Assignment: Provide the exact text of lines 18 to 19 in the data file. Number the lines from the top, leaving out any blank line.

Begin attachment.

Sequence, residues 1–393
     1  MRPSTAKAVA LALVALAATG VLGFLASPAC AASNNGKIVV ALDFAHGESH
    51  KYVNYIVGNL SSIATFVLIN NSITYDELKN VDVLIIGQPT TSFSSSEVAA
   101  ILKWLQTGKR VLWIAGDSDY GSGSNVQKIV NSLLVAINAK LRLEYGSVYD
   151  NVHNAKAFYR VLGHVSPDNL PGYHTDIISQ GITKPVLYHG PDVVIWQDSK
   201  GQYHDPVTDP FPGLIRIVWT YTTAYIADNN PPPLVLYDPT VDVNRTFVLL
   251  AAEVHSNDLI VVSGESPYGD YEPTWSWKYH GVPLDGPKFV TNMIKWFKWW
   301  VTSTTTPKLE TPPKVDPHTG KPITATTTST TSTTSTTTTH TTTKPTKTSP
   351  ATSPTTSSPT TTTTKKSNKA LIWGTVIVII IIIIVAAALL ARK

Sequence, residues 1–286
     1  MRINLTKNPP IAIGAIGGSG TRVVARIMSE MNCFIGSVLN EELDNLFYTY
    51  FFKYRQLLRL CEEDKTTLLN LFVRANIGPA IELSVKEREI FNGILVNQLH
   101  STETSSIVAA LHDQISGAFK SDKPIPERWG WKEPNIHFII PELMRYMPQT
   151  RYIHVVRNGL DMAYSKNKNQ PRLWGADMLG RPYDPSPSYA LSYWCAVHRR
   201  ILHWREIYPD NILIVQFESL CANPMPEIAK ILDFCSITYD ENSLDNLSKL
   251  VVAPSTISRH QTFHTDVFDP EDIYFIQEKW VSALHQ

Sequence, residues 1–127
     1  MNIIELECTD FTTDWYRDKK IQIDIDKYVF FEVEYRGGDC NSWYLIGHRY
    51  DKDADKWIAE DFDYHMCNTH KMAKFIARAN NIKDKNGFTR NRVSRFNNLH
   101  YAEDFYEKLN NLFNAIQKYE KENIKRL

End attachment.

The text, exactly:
     1  MNIIELECTD FTTDWYRDKK IQIDIDKYVF FEVEYRGGDC NSWYLIGHRY
    51  DKDADKWIAE DFDYHMCNTH KMAKFIARAN NIKDKNGFTR NRVSRFNNLH